This post is part of Little Free Library’s Steward Spotlight series! This series delves into the diversity of steward experience and uncovers the challenges, surprises, and best practices of Little Free Library volunteer stewards around the world.
Raissa Martin has helped to establish 51 Little Free Library book-sharing boxes (called Livres Livros) in Brazil. Many of them are registered and on Little Free Library’s world map. She estimates that more than 50,000 books have been shared in this network of book exchanges, and her project has been the subject of hundreds of media stories. Pretty impressive, right? We reached out to Raissa to learn how she created such a large network, and to see if she had any advice for other people who want to follow in her footsteps.
How did Livres Livros start?
“I first saw a Little Free Library in Santa Barbara, CA. When I returned to Brazil, I asked the Little Free Library nonprofit to use the mini-library idea in a project I was developing to promote reading. With our own resources, we installed three mini-libraries. We took action to promote reading by calling volunteers, individuals and companies and asking them to help us promote and grow this movement in our city.”
What was your first big achievement?
“When we were able to bring Livres Livros to Espírito Santo, another state of Brazil. Then we got government support and set up a ‘literary grove’ in the largest public park in our city in 2017. The ‘literary grove’ featured book benches, giant origami, a stage for storytelling and workshops, and six livres livros. During 2017, we shared more than 10,000 books in those livres libros so that the low-income population could have access to quality books.”
Any other achievements that you’re particularly proud of?
“I am proud to have made it easier for thousands of people to access books. And I’m especially proud of inspiring hundreds of others to start their own book-sharing boxes. Just as Todd Bol inspired us through his idea of Little Free Libraries, and he encouraged us to spread the movement here in Bahia, Brazil, we now encourage others to spread the joy of reading.”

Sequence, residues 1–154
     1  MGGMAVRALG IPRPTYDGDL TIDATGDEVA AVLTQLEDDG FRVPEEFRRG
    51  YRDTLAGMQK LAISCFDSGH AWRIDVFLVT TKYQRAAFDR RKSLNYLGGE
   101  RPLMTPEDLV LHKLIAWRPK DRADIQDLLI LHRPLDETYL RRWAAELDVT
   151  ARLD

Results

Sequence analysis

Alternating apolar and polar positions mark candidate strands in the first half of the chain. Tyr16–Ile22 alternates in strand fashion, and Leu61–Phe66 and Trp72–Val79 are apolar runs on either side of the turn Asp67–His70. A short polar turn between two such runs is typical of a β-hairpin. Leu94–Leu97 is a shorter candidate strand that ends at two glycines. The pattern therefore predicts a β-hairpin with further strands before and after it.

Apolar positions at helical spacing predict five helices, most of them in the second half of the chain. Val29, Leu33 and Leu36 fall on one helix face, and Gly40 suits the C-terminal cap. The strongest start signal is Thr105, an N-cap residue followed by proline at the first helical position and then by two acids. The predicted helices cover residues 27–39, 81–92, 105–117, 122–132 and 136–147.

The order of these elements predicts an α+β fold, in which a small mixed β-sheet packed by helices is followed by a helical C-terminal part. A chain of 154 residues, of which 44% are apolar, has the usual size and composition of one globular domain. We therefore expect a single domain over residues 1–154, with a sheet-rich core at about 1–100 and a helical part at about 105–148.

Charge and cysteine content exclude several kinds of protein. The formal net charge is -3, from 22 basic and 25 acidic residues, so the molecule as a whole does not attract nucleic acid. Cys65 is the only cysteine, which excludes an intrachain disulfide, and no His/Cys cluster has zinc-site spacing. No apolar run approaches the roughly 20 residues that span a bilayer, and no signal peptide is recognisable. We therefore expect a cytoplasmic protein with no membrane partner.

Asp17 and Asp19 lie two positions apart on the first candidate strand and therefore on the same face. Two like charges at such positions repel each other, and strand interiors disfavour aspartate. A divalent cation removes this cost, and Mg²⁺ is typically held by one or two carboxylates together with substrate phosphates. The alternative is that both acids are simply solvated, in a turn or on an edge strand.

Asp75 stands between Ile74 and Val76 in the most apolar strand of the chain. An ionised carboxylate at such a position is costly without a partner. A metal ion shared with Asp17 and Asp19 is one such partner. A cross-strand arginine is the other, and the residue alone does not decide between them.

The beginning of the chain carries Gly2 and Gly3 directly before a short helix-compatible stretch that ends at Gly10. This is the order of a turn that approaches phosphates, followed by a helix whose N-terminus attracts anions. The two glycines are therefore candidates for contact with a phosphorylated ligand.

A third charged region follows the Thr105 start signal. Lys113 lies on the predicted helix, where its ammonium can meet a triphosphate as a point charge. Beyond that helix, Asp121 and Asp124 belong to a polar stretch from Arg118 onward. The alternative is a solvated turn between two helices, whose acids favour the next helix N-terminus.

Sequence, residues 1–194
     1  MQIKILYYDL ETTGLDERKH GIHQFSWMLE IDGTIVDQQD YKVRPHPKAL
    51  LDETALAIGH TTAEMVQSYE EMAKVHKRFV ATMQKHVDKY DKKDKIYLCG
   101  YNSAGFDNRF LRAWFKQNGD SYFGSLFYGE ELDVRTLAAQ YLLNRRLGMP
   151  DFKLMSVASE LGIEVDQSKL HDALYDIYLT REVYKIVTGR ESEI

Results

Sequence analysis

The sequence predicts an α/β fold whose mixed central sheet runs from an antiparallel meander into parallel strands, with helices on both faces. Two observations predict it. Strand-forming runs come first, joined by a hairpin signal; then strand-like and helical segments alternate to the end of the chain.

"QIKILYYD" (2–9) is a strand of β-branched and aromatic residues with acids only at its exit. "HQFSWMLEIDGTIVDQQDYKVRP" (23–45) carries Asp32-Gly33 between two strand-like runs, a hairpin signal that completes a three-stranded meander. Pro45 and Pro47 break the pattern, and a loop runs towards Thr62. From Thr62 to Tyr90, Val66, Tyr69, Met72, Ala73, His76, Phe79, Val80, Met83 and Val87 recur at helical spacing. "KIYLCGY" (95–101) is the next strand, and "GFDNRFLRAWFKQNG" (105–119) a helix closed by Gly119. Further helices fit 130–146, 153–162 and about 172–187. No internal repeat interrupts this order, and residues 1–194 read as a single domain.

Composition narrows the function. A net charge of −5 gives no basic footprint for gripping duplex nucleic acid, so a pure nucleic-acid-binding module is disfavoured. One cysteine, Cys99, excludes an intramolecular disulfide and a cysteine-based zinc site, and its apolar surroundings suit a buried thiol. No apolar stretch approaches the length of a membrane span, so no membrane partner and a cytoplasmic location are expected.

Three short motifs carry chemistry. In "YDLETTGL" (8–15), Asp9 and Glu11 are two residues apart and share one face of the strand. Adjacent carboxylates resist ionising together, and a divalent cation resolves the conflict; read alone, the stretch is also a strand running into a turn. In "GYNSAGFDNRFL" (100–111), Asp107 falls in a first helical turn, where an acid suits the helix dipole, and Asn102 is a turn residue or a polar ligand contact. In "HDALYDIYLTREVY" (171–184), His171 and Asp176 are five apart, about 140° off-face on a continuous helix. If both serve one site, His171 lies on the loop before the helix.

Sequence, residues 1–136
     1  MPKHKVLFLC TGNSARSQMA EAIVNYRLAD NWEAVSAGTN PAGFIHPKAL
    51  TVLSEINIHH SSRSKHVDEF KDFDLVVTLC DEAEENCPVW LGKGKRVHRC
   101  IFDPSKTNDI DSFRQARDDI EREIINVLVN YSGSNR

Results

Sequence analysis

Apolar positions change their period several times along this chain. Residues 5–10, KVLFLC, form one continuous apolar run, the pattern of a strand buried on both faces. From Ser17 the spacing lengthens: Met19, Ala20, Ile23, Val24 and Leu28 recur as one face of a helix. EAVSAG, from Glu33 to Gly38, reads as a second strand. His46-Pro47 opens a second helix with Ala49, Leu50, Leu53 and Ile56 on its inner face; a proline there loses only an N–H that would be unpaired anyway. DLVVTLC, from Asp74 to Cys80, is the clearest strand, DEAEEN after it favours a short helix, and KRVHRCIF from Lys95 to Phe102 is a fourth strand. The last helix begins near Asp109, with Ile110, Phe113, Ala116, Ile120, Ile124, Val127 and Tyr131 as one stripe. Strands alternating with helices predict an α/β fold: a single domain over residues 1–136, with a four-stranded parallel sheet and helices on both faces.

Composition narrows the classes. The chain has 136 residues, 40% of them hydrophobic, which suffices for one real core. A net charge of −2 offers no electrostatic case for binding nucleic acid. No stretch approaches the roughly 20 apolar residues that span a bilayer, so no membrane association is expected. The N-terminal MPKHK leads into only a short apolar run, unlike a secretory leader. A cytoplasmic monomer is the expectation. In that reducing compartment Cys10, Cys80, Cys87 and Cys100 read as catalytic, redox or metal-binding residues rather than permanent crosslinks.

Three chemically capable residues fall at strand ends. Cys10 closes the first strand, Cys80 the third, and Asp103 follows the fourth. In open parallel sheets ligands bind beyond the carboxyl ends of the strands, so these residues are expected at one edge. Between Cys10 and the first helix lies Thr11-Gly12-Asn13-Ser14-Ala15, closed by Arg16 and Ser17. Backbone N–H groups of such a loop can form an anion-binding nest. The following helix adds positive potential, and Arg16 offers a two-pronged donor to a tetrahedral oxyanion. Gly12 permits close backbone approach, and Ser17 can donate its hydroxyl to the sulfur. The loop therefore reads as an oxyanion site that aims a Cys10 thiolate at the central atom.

How do you keep all of your Libraries stocked with books?
“We have an annual campaign where for one week, we solicit book donations from private schools, universities, companies, and organizations. We have been doing this for three years now and we receive an average of 300 books each time that can be cleaned, stamped and distributed to the dozens of Livres Livros in the area. Also, many people in our city now know that we are a serious project that puts book donations to good use, and we get more book donations because of that, too.”
Do you have any advice for others who wish to build a network of Little Free Libraries in their cities?
“You must believe that it is possible! Get people to believe in your project and persist, because if it can be done in a city like ours, with high rates of poverty and so many social problems, it can be done anywhere. We started 51 Livres Livros and none of them have suffered from vandalism. We believe anyone can start a project like ours in any part of the world!”